Benn says she’s “stepping outside to find solutions”. She says her next focus is to find ways to reform access for cancer treatment on lower-level medical aid schemes without massive co-payments and her work in the public sector continues. She is managing her existing Helen Joseph patients at her Milpark Hospital practice and says she’s had positive advances to establish a “patient-centred unit for equitable care for public patients within the private sector” within the next few weeks.

A long history

Turner says the Breast Health Foundation has helped turn the clinic into a hub of excellence. “So much of what is in the clinic we raised money for – from painting the walls, décor, to the chairs and furniture in the counselling rooms.”

They’ve helped around 200 000 patients to be “navigated” through the maze of cancer diagnosis and treatment at the facility and around 10 000 people who were diagnosed with cancers were supported through their journey of cancer treatment.

But she says it was clear the workplace environment had become increasingly untenable for Benn and the Foundation’s team. She says Benn was constantly summoned to meetings to justify her decisions and was criticised and undermined for veering off administrative procedures.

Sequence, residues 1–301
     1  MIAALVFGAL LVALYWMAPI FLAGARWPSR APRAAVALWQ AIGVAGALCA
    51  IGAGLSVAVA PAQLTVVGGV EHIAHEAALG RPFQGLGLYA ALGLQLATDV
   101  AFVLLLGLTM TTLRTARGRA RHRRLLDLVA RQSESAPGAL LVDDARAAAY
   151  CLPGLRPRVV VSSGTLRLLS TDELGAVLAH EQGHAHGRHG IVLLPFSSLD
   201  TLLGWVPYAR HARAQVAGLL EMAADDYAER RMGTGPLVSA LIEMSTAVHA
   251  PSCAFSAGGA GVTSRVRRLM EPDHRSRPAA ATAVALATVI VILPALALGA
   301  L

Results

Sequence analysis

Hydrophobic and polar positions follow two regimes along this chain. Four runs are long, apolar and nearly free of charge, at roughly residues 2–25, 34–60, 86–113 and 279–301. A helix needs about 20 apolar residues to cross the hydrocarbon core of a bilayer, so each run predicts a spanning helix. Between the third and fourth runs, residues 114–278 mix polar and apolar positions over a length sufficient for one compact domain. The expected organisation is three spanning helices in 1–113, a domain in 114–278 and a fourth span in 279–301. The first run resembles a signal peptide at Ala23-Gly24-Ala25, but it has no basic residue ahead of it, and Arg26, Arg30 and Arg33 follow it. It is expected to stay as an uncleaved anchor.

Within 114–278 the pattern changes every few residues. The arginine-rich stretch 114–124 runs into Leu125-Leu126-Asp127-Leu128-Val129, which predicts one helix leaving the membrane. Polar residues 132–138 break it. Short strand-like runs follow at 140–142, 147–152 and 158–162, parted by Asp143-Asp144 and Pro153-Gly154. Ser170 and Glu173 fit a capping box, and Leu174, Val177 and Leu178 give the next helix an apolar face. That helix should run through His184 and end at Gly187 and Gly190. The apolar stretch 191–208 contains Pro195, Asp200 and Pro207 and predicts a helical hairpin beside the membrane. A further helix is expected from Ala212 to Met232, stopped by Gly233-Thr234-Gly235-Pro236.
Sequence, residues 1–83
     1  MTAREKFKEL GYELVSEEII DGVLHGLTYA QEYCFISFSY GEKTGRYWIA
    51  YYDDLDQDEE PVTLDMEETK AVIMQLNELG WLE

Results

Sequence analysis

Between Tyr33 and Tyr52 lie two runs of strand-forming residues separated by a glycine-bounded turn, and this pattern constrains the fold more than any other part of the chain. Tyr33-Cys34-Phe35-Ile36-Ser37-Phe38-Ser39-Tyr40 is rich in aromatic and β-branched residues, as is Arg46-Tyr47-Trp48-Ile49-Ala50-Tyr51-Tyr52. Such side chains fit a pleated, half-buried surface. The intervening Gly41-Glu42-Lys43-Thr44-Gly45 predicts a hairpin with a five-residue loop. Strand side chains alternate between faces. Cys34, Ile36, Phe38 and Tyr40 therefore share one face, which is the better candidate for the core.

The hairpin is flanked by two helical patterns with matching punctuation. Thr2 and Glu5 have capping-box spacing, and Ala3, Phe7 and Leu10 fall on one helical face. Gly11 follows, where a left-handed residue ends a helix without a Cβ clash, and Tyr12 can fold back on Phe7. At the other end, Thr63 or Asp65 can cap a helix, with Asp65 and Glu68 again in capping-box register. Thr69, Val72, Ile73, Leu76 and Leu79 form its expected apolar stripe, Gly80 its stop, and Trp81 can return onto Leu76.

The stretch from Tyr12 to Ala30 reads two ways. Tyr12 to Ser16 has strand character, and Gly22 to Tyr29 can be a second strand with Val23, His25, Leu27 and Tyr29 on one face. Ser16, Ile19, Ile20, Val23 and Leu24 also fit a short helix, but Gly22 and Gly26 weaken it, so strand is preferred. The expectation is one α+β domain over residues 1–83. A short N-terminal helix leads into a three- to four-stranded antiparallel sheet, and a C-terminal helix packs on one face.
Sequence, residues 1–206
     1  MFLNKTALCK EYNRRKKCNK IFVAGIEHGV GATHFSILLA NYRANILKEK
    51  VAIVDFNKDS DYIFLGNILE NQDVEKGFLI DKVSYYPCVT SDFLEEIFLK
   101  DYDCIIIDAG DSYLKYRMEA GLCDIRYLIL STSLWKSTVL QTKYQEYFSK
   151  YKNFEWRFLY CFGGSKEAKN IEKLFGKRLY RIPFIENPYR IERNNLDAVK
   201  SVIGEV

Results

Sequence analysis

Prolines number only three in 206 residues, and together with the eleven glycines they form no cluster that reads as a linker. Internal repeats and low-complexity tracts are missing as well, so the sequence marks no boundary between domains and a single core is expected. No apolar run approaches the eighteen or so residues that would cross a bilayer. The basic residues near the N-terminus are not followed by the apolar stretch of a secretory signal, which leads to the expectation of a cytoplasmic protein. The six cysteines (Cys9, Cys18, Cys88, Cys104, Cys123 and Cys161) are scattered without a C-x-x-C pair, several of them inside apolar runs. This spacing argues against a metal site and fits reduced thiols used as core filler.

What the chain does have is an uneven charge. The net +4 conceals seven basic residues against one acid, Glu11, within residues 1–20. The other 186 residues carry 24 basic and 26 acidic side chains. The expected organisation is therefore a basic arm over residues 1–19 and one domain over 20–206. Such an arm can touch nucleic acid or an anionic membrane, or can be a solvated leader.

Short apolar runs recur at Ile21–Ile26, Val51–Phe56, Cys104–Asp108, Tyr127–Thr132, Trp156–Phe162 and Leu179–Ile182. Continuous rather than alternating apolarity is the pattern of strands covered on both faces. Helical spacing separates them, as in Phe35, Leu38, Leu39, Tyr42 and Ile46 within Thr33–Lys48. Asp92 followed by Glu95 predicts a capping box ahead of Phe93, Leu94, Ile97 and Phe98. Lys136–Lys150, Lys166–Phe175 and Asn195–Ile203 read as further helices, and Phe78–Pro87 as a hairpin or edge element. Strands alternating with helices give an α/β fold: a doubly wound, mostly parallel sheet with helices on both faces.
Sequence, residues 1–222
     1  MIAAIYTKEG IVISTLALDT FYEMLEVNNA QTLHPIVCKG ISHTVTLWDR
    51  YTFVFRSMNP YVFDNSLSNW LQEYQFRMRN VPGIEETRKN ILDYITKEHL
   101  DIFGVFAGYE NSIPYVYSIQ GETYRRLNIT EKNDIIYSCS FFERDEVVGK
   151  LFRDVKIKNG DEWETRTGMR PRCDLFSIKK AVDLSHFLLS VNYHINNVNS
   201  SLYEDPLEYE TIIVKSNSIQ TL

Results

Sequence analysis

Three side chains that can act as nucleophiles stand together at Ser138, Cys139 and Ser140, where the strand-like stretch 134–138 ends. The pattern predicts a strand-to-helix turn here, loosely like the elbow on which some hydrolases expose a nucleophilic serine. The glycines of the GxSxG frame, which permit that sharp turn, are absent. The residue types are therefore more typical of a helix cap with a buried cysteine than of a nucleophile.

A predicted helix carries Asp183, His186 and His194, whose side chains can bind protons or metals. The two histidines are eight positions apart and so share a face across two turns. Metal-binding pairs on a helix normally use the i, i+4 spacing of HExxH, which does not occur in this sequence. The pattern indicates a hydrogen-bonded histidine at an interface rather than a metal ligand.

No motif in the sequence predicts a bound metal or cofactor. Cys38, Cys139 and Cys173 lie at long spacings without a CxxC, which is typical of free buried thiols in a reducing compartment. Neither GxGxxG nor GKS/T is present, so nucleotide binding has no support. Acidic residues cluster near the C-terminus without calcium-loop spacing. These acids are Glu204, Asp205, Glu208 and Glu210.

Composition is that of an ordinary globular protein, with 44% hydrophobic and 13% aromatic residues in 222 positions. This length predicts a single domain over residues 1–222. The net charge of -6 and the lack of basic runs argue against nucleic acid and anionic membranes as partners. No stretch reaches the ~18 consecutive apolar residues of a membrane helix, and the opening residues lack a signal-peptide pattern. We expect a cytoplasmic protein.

“Her approach has always been about putting the patient first. She has used her own money to buy surgical drains or surgical gloves so that she could do her work. She always made a plan, including squeezing in surgeries and she accepted patients who do not fall into the Helen Joseph catchment area because of their need to access services. But senior management would make her life hell over this,” she says.

‘A family of survivors’

Patient navigator for the Breast Health Foundation Ouma Mamatela was a patient of Benn in 2016 before she joined the Foundation.

She says patients at HJH are now paying the price for “egos and mismanagement”.

“It’s going to be very hard for patients who expect to find the navigators there to hold their hand through everything. We built up a family of survivors. I am still waking up very early on Tuesdays and Thursdays because those were the days I knew I was getting up to serve our patients at Helen Joseph,” she says.

She adds that Benn’s out-of-the-box thinking, accessibility to patients, and transparency in how she worked irked senior male managers and doctors.

“She is one person who speaks to everyone. She doesn’t make herself untouchable. Those managers need to put their egos aside because it is the patients who need quality care the most who are suffering.”

Dozens of Helen Joseph patients have since weighed in via social media in support of Benn and the Foundation, sharing their stories and also their deepening worries about what comes next for their treatment.


Spotlight article – Cancer surgeon resigns and volunteers withdraw from Helen Joseph Hospital (Creative Commons Licence)